E-Commerce is an aspect of the art market that has emerged in recent years. In your opinion, do you think gallerists should adopt this approach to attract patronage?

I definitely think so. A lot of our sales are done through Artsy, and it allows us to extend our audience far beyond our immediate environment. I think e-commerce has been a great way to level the playing field for galleries in developing countries that find themselves at a disadvantage when compared to galleries in the West and Asia.

Major fairs like 1-54 have promoted the works of your artists. How much impact have they had on your gallery and the artists you represent, and how do you decide which artist gets the exposure?
They have been an enormous part of our growth and artist exposure. I’m happy to see more fairs like these investing in contemporary African art.

With the growing proliferation of art fairs, do you foresee them gradually becoming more relevant than exhibitions in local galleries, particularly with the advantages of large visitor numbers and increased exposure for the artists?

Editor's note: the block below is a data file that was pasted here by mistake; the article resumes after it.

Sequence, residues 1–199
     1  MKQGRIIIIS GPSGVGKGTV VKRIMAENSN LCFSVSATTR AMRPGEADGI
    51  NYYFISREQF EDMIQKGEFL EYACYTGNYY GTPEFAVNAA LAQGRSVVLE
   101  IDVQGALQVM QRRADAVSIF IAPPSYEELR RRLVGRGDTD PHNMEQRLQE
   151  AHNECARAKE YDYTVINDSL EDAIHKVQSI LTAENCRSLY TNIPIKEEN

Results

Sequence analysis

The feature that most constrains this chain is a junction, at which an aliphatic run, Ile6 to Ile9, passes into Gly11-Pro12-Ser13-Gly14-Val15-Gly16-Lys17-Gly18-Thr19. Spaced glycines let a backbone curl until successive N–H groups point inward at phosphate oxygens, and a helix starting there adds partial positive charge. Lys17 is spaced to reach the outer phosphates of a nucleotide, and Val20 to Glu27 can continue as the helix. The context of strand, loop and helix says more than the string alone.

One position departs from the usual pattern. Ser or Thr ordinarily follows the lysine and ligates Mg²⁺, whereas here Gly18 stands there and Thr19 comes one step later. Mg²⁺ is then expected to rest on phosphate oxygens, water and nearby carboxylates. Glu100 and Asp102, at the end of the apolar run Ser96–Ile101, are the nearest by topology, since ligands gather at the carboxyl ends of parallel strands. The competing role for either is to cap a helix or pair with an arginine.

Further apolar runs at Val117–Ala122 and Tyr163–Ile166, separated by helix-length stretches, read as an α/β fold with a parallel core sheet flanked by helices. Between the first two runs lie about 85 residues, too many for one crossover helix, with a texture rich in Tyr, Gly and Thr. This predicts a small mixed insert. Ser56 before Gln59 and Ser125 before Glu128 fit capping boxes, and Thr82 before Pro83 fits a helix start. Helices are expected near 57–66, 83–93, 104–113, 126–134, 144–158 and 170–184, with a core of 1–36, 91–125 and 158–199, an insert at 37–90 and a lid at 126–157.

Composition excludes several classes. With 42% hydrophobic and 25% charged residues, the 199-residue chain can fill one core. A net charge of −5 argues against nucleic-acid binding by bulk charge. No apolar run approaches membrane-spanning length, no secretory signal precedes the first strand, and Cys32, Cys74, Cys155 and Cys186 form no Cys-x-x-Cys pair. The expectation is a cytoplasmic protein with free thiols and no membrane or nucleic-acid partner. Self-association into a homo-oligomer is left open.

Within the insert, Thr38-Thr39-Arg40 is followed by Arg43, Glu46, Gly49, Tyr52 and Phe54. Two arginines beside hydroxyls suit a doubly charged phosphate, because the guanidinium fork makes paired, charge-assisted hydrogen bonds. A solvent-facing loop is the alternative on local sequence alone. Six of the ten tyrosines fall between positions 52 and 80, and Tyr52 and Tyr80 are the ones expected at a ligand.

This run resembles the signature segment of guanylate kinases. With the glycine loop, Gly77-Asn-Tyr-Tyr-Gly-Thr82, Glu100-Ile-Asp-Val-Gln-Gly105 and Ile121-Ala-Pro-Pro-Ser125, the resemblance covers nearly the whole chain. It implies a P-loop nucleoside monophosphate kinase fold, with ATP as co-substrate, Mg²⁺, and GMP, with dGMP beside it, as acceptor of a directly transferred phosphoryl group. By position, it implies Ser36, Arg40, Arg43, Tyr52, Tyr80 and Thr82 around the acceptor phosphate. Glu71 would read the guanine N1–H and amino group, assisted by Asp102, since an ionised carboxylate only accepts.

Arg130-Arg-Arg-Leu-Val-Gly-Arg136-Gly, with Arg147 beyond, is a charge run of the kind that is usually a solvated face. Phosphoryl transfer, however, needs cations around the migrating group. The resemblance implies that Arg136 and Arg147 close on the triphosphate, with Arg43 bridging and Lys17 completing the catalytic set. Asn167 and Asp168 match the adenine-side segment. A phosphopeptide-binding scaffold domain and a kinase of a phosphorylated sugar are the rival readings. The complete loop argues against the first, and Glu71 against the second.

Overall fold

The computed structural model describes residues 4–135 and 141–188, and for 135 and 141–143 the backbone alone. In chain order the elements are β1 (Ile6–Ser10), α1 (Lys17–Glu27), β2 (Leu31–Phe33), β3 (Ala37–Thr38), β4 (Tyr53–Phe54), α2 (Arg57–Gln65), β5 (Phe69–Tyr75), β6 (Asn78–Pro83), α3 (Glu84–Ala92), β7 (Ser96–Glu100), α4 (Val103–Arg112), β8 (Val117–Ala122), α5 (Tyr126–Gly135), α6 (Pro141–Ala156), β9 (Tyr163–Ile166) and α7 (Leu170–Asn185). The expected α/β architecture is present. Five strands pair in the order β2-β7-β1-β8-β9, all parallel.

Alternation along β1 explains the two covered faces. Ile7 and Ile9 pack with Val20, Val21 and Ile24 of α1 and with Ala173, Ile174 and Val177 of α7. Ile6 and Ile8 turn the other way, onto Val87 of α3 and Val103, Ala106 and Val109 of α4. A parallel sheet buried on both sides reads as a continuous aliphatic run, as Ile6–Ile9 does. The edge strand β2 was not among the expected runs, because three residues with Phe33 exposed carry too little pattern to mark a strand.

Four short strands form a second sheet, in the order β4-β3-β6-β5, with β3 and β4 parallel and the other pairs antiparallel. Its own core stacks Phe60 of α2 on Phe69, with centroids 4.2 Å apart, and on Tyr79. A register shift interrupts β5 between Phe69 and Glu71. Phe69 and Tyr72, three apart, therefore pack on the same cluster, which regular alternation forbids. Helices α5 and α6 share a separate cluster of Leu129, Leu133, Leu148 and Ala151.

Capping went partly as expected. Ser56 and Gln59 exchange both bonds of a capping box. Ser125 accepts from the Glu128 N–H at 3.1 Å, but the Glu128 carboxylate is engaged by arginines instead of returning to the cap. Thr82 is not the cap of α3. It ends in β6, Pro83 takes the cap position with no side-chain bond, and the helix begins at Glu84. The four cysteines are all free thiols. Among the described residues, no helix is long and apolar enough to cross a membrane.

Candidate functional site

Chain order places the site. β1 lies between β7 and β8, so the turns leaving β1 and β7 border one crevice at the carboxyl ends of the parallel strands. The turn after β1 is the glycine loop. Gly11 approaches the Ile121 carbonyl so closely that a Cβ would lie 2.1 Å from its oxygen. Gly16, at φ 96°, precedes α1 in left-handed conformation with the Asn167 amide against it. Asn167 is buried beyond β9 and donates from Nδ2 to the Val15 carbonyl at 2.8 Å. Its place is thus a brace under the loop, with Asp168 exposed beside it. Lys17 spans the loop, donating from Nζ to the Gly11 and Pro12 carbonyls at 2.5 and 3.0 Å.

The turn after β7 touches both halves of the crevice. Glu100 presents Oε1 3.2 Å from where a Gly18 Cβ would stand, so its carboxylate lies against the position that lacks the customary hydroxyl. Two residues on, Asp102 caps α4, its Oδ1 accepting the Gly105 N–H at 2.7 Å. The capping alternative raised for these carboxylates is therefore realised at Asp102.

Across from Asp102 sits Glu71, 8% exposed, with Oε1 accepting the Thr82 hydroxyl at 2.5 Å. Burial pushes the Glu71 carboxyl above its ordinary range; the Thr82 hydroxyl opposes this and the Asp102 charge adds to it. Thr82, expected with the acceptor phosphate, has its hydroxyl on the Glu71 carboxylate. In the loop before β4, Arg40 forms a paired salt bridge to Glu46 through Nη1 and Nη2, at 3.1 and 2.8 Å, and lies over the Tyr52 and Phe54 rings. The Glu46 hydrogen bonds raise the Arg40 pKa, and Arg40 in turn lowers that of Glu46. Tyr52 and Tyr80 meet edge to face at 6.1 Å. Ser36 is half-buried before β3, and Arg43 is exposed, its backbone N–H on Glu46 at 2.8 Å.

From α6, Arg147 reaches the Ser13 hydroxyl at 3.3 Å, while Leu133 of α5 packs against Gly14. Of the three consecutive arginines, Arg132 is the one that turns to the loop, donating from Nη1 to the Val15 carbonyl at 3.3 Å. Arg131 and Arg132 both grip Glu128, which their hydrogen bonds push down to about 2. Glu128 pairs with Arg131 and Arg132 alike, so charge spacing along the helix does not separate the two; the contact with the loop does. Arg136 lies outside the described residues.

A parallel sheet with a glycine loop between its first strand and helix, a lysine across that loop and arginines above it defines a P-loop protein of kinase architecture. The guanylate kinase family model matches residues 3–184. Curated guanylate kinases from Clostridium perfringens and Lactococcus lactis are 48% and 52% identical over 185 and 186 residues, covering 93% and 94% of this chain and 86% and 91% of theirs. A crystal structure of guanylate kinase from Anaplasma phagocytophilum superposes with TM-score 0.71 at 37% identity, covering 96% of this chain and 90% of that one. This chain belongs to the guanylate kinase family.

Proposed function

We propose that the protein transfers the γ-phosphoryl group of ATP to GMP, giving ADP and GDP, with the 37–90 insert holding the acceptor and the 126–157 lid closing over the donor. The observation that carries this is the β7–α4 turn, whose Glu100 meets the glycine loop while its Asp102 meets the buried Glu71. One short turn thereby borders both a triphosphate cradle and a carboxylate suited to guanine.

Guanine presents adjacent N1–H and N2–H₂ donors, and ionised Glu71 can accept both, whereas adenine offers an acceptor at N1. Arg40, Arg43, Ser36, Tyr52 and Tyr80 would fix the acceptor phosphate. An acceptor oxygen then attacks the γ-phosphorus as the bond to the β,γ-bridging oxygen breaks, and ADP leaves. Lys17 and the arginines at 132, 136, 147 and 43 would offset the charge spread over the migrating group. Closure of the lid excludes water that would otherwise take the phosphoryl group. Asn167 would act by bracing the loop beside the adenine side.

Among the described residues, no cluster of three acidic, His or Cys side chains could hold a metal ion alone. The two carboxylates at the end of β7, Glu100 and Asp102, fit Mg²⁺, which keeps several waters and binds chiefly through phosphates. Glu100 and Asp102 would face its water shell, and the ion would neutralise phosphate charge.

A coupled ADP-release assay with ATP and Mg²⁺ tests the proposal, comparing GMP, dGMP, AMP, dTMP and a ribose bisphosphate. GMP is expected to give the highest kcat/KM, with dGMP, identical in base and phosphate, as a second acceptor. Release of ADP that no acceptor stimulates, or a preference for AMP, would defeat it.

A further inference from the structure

I’m not sure I foresee them becoming more relevant. They serve different purposes. Exhibitions are made for us to curate and converse with the local population. There are very important cultural and educational purposes to exhibitions that one cannot get in a solely commercial fair.

Fairs are equally important because they allow us to extend the artist’s collector base and influence across geographical zones. They provide an enormous opportunity for investment in our art.

Do you plan to open up more spaces in locations outside Nigeria?

I’d love to partner with local galleries and curators in New York, LA, or London, and potentially open up new spaces outside of Nigeria. But we also have partnerships regionally with galleries like Galerie Medina in Bamako, where we continue to have artist exchanges and Anglophone-Francophone collaborations.